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Let me explain my triangle

They say every leader needs a “triangle” of sorts that quantifies their style or belief. While I do not currently serve in an official leader capacity, here’s my preemptive triangle that typifies the kind of team I want to build. Disclaimer: I have read a number of books and articles so what you see here may not be considered “original” or completely my own, but merely an amalgamation of existing concepts put together in a Sam-like way (isn’t that what innovation is?). However, what follows is how I interpret/prioritize everything I have read up to this point in time.

Ok, with that out of the way, here’s my triangle:

And what follows is an explanation of each part:

High Performing: I want to build a high performing team. A team that as an entire unit can deliver value at a sustainable pace. Now, you might be wondering, what manager would not want a high performing team? I believe that verbally no leader would admit to wanting a low performing team. However, a leader’s actions can communicate such a sentiment. To build a high performing team, I need to find (or at least convert) people into adopting a desire of achieving more. A few ways I would tackle this objective include:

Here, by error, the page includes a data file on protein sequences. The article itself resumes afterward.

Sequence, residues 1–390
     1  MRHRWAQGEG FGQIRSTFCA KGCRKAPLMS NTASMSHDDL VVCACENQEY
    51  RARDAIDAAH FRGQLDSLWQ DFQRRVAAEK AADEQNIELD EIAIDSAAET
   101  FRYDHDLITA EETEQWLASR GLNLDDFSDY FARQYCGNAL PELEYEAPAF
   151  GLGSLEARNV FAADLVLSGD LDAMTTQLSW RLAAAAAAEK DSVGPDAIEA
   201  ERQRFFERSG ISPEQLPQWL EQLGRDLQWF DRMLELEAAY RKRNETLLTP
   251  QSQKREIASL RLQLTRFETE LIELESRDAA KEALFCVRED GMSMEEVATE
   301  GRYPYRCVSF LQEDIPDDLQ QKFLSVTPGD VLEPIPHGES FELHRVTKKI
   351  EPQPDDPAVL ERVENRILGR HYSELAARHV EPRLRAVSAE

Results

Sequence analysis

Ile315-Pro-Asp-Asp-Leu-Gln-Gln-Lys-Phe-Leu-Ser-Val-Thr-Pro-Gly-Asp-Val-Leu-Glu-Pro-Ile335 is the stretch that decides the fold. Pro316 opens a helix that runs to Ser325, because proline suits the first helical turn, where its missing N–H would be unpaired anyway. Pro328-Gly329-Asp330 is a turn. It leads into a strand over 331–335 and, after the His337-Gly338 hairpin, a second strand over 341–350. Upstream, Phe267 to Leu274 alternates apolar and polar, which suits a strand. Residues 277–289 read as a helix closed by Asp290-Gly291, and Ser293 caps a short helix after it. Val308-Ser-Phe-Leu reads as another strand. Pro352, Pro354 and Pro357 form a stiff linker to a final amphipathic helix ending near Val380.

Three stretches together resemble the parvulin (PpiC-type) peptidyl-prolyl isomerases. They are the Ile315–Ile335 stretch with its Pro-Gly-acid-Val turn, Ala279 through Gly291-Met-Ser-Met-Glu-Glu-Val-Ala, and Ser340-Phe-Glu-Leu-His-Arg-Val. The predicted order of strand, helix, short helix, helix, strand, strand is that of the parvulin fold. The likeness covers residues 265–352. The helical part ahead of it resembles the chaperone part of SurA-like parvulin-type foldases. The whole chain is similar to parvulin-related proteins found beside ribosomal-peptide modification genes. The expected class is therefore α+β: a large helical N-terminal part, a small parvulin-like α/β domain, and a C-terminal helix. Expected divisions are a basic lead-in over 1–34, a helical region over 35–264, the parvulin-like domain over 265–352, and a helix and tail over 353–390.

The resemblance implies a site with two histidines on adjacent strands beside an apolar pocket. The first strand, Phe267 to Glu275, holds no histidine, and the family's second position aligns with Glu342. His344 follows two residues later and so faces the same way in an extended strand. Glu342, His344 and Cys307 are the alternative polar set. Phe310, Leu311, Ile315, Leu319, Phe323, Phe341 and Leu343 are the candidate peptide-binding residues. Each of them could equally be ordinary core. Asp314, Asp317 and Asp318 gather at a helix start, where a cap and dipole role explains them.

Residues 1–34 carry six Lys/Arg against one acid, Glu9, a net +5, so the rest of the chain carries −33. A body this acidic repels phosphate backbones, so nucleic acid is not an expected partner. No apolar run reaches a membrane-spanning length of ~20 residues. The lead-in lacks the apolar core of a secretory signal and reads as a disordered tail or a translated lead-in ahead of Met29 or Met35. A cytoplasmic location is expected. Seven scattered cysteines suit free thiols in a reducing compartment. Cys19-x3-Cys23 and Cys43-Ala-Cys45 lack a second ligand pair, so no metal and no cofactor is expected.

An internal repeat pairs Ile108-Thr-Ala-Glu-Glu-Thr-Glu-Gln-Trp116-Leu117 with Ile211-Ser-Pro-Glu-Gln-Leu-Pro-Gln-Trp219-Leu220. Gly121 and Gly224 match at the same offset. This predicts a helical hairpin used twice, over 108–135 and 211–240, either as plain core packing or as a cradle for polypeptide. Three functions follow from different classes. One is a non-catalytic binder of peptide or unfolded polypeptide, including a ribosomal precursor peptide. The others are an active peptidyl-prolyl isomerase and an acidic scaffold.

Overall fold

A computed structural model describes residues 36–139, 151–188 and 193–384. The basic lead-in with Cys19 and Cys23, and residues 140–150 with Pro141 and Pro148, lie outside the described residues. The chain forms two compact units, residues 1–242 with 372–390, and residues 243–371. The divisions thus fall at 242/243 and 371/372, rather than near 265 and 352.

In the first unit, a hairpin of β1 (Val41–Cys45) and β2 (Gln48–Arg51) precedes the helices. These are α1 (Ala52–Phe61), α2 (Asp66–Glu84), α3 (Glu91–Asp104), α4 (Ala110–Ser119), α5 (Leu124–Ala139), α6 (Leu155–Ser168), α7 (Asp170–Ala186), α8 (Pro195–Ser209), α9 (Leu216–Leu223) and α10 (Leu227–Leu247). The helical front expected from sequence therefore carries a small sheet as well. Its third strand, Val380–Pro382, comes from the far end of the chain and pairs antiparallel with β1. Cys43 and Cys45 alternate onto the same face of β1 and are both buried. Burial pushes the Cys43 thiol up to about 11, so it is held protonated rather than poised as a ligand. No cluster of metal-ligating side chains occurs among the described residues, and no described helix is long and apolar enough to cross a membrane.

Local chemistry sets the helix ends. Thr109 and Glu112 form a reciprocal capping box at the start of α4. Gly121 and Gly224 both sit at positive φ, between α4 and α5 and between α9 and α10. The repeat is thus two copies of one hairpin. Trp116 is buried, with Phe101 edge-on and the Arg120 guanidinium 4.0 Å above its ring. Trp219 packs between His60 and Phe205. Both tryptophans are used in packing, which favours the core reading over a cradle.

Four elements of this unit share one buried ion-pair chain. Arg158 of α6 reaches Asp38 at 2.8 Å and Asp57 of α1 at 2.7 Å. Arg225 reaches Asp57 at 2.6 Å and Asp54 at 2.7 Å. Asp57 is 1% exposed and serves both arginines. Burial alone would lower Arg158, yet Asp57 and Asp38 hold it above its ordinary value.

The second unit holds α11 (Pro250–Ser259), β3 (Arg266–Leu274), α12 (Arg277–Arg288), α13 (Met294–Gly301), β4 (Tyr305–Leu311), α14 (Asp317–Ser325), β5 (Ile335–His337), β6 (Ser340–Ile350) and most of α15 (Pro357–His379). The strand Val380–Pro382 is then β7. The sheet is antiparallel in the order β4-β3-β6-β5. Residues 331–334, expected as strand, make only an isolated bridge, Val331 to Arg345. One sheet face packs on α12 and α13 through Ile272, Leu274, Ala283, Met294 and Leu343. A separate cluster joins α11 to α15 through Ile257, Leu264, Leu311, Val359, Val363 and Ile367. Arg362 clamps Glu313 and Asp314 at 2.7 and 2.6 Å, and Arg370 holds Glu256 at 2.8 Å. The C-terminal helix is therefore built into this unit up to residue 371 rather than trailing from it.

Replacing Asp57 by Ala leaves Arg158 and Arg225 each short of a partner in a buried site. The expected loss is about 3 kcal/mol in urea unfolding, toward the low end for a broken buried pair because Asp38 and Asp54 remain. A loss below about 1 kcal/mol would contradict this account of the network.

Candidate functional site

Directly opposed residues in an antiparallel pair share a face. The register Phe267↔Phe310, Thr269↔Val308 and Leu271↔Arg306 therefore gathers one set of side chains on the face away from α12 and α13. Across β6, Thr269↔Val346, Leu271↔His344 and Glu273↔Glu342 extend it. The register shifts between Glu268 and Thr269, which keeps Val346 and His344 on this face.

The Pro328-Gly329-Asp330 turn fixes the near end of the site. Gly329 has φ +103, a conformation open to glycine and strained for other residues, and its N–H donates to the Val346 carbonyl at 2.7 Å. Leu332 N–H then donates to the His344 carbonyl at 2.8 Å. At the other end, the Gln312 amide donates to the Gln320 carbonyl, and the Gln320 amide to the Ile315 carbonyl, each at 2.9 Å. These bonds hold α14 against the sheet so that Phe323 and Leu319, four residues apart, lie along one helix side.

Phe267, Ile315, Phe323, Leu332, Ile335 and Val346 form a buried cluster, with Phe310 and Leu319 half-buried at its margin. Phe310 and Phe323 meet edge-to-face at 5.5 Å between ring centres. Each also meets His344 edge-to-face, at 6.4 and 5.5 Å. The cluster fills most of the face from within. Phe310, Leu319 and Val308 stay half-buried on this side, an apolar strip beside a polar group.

1. Building and communicating an enticing yet possible vision (current un-reality). Keeping the big picture in mind causes individuals to work towards a larger (than life?) goal.
  2. Fostering an environment that encourages high performance. This comes down to choosing the right people – the people that achieve more or desire to achieve more. What do I do when choosing the right people falls outside of my domain? Well that’s a future post.